The Stefan-Boltzman equation doesn't come up with the correct temperature if greenhouse gases are not considered - Hank

:*sigh* Not the "raw data" crap. - Leafsdude

IB STILL hasn't explained what Planck's Law means. Just more hand waving that it applies to everything and more asserting that the greenhouse effect 'violates' it.- Ceist

Edited on 06-09-2016 20:05
06-09-2016 20:29
Surface Detail
★★★★☆
(1673)
Tim the plumber wrote:
IBdaMann wrote:
Surface Detail wrote: It's good to see you've now acknowledged that falsification isn't quite such a straightforward process.

Hold on. You're shifting semantics all of a sudden. I'm getting the impression you are just trying to get me to be "wrong" about something.

Our discussion began with falsifiability being obvious. You never acknowledged that.

Falsifiability is one absolute requirement for science and it is obvious if a model has it.

Falsification is never guaranteed.

Do you acknowledge and agree or not?


Surface Detail wrote: Anyway, on to the third test. The smart people who understand gyroscopes and tell us that they don't actually falsify Newton's laws have observed something that is bothering them. The perihelion of Mercury's orbit isn't precessing as it should according to Newton's laws.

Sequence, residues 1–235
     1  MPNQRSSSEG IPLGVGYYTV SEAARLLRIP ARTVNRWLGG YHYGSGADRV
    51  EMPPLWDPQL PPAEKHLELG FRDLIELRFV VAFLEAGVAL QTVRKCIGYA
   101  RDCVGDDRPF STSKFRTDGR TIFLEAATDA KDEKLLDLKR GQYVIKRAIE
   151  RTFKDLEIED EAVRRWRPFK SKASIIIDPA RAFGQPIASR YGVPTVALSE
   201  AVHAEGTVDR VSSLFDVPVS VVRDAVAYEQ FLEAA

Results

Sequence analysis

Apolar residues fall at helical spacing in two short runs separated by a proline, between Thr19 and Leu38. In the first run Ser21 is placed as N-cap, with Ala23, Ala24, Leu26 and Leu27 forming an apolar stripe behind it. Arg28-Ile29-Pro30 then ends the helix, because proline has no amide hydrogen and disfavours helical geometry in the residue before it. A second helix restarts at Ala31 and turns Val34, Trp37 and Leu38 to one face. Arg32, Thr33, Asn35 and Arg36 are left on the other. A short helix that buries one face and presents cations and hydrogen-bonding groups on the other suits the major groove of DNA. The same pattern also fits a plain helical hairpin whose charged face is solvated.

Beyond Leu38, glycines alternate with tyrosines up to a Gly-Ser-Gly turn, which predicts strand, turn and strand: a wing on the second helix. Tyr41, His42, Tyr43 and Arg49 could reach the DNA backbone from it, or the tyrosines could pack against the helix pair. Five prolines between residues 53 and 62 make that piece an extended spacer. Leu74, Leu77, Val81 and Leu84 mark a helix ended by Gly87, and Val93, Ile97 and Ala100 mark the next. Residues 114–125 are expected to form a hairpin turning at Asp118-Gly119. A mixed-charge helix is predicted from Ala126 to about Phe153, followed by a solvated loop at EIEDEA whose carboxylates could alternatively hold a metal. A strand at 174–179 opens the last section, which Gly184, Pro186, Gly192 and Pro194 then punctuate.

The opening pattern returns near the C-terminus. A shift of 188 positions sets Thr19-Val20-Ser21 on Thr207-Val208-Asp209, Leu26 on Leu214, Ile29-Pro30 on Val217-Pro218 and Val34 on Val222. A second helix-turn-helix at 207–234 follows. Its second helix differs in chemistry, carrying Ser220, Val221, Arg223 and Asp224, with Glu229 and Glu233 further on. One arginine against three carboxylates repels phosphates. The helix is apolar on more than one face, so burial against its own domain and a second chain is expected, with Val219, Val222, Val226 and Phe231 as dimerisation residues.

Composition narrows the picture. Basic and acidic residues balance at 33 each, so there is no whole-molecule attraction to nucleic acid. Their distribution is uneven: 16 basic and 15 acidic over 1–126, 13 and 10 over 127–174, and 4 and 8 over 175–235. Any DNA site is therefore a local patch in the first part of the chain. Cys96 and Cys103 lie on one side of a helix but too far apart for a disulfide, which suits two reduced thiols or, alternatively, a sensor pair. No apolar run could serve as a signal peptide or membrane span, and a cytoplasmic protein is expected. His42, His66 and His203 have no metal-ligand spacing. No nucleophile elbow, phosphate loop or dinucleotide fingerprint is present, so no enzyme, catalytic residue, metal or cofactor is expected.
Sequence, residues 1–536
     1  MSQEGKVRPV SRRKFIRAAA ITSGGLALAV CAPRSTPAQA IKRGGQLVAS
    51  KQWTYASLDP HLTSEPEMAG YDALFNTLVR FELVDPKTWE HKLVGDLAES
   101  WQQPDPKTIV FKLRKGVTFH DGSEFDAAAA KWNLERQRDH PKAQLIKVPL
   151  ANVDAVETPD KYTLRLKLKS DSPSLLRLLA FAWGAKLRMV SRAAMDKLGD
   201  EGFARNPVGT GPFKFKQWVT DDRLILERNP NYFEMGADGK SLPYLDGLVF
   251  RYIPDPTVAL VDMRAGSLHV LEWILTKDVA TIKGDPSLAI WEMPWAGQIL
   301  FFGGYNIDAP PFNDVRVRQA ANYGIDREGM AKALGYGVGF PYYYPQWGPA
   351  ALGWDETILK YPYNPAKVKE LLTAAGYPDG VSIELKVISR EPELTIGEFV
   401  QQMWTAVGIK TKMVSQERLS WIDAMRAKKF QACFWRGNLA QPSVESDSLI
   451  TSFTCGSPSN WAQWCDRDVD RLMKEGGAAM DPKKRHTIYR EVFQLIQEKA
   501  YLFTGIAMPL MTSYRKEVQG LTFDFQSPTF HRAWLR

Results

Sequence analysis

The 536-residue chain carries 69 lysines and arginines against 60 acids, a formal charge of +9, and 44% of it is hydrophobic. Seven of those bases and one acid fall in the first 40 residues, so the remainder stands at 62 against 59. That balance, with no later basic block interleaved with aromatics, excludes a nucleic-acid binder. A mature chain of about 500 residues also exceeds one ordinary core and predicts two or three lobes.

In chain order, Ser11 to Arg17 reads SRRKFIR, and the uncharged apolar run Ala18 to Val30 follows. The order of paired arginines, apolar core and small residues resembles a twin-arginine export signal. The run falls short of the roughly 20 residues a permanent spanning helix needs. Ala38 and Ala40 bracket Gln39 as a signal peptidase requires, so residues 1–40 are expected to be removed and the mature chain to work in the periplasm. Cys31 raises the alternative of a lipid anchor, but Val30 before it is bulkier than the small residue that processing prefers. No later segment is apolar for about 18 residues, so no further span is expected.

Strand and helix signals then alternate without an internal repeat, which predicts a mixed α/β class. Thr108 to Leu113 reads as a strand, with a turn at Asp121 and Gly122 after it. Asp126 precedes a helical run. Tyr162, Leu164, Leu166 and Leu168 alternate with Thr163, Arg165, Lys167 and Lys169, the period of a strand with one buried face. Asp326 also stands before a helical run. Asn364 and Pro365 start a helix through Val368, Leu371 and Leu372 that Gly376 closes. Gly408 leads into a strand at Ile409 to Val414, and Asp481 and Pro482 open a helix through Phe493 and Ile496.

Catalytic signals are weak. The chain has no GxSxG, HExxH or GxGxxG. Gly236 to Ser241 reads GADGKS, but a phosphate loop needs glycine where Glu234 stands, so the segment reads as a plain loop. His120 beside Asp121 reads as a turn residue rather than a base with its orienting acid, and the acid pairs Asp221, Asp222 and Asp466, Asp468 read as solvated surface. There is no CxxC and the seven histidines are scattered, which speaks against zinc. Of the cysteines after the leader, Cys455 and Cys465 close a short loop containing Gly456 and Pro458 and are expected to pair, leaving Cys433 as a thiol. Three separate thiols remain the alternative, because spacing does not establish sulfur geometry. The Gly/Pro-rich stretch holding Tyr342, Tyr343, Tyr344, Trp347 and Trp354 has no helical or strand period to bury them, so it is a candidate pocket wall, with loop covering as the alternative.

You used the word "bothered." This tells me you're taking this right out of an overhyped article by a writer who understands nothing of the topic.

Just for grins, could you provide me the link to that article. It will probably be good for a chuckle.


His point (Hank's) is that sometimes falsifyability is not obvious. Sometimes it is easy to see that the theory has fallen down sometimes not so. Sometimes it even looks like the theory is broken when it is not.

I very much doubt that his post was taken from any other source than his own head.

There is the option of believing everthing which is wrong. There is the option of doubting everything. This is equally wrong but in the other direction. Then there is any level of doubt/skeptisim between 5% and 95% which will come to the same sensable conclusions, generally.

To do the sensable method you will need to not talk about stuff you don't understand.

Yes, indeed, that was what I (Surface Detail) was working towards. It isn't always obvious that a particular theory is falsifiable or when it has been falsified. The latter point was what I was illustrating with the gyroscope experiment. To the casual observer, this does appear to falsify Newton's second law, and you need a pretty good understanding of mechanics to understand why it doesn't.